The Talent Shortage Epidemic in Cybersecurity

by Terry Vahey
The cybersecurity shortfall in the workforce remains a critical vulnerability for companies and nations, according to Intel Security.  In a report called Hacking The Skills Shortage, 82 percent of IT professionals confirm a shortfall in the cybersecurity workforce in companies and nations.

The FBI has predicted that cybercrime will be a massive crime wave and a national security problem unlike anything the world has ever seen.  Today, the IT security skills shortage is occurring right as the volume of sophistication of cyber attacks continues to rise.  This battle means that companies might be in danger of losing simply because they lack the manpower to deal with it.

There are several reasons for this problem.  One is the changing nature of cyber attacks.  The sophistication of the technology and tactics used by online criminals have outstripped the ability of IT and security professionals to address threats.  Another phenomenon is the expanding attack surface.  More things are connecting to the internet than people.  Last year, there were 5 billion cell phones, 2 billion broadband connections and 1 billion people who are on Facebook and Twitter.  By 2020, there will be 50 billion devices connected to the network.

The skills gap is so large it can’t be closed in a year or two.  Some experts estimate we are already 1 million security professionals short just this year.  In the U.S. alone, 209,000 cybersecurity jobs went unfilled in 2015.  By 2020, we expect the global cybersecurity talent shortage to reach 2 million.  It requires a multi-year effort, innovative approaches, and collaborative efforts across industry and academia.  Higher education plays a critical role in solving this difficult challenge.

CyberGirlz Silicon Valley
Only 10% of information security professionals are women, and that needs to change. Offered by SJSU’s Jay Pinson STEM Education program, in collaboration with Facebook and local schools and afterschool programs, CyberGirlz Silicon Valley is a project that encourages girls in grades five through eight to participate in cybersecurity and computer programming activities during their afterschool programs. The project culminates with the CyberGirlz Silicon Valley Summit  – an exciting event held at SJSU where girls from local schools showcase their Cyber skills, engage in panel discussions with STEM professionals from local industry such as Facebook, Anomali, and Cisco, and test their cybersecurity, hacking, and team work skills in a Capture the Flag competition.

Virginia Lehmkuhl-Dakhwe PhD is director of the Jay Pinson STEM Education Program in the College of Science and leads the CyberGirlz program.  According to Lehmkuhl-Dakhwe, “We listen to the girls and adapt our methods based on what we’re hearing.  The girls come prepared as contributors, not attendees.”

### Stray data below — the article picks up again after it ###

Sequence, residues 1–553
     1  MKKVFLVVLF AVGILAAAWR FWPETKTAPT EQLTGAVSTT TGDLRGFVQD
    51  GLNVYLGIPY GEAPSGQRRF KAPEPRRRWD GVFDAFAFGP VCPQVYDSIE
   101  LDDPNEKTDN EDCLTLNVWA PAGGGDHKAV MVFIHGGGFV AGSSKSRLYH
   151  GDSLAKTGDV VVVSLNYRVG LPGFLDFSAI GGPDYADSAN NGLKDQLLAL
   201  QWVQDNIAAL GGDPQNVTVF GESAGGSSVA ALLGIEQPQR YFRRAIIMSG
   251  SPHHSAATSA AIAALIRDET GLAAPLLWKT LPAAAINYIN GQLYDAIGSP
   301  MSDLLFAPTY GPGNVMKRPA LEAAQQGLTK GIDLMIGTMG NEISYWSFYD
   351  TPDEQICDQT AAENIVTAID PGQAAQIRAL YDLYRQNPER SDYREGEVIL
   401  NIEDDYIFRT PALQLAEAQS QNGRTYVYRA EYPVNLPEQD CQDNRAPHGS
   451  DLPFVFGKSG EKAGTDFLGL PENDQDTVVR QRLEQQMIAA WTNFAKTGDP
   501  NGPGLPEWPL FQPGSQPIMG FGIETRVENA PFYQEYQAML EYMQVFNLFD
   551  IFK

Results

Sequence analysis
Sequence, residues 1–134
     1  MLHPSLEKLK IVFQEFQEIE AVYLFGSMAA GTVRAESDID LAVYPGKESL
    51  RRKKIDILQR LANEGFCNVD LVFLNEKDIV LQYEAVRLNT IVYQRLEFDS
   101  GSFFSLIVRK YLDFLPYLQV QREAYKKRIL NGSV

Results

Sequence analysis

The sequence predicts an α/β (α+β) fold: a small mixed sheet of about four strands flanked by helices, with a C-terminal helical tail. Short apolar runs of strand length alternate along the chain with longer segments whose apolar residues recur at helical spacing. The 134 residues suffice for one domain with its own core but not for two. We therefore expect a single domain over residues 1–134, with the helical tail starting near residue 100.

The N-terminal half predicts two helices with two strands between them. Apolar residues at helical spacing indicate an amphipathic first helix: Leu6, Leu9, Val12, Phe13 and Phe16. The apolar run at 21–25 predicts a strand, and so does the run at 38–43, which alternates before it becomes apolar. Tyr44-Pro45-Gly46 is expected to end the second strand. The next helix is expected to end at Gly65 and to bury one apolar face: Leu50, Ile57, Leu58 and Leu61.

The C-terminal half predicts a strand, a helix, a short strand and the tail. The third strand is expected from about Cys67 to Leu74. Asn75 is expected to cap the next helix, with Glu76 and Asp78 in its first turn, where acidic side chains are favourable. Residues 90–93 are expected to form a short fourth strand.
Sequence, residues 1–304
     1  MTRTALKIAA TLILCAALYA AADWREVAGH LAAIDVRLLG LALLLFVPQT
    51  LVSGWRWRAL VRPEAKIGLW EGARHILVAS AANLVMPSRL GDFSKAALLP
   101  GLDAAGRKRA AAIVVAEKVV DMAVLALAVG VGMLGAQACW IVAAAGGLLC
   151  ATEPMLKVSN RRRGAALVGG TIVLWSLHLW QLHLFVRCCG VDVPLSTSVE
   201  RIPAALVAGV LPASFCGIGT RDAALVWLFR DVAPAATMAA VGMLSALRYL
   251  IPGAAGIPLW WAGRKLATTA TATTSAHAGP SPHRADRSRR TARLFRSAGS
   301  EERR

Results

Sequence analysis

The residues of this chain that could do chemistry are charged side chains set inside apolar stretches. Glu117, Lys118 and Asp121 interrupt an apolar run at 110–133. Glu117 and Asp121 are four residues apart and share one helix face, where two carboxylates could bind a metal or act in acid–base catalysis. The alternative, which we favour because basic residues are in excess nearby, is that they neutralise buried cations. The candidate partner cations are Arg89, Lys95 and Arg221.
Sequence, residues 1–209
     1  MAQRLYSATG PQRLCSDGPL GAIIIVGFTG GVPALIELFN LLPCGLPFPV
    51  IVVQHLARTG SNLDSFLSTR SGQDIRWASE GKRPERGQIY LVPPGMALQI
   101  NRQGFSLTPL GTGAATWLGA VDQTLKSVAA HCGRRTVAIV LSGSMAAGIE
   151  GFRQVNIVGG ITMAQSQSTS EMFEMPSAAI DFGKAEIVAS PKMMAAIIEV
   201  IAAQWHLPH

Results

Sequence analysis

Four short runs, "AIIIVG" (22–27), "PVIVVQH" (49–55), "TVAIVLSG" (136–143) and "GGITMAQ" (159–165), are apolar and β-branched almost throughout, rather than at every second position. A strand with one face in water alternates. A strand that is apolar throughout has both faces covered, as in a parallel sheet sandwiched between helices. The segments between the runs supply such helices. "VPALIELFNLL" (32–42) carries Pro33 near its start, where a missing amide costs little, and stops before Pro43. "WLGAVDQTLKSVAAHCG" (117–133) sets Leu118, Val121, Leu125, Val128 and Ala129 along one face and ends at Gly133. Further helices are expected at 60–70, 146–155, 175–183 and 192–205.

Collaboration, ongoing funding, and partnership are key to the success of programs like CyberGirlz.  In addition to funding the program, partners like Facebook put skin in the game and provide bus transportation, chaperones and hands-on assistance with applications.  But sustaining a program for the long-term requires that cybersecurity becomes core in the educational curriculum in schools, afterschool programs, and at SJSU.  “We need more advocates and champions and a career path now for people who pioneer innovation in cybersecurity education,” said Lehmkuhl-Dakhwe.

The Silicon Valley Center for Big Data and Cybersecurity
Part of the College of International and Extended Studies, the Silicon Valley Center for Big Data and Cybersecurity was established in 2014 to provide interdisciplinary training to our students in the emerging fields of big data and cybersecurity, and to provide exciting and sustainable career paths into these fields to students with a wide variety of skill sets and interests.  According to Dean Michael Parrish of the College of Science, “SJSU has received a clear message from many of our corporate and government partners that the biggest unmet need in the coming decades will be in the areas of cybersecurity and big data science.”

Currently, a number of certificate and degree programs at SJSU are in various stages of development, most notably in Software Engineering, Computer Science, Computer Engineering, Management Information Systems, and the School of Information.

The global search for a skilled cybersecurity workforce requires unique strategies as organizations face shortages, and encounter stumbling blocks ranging from performance issues to the political climate.  Innovation and collaboration will be key to creating a new generation of cybersecurity professionals.

One thought on “The Talent Shortage Epidemic in Cybersecurity

  1. Thoughtful article on a very significant topic! Thanks!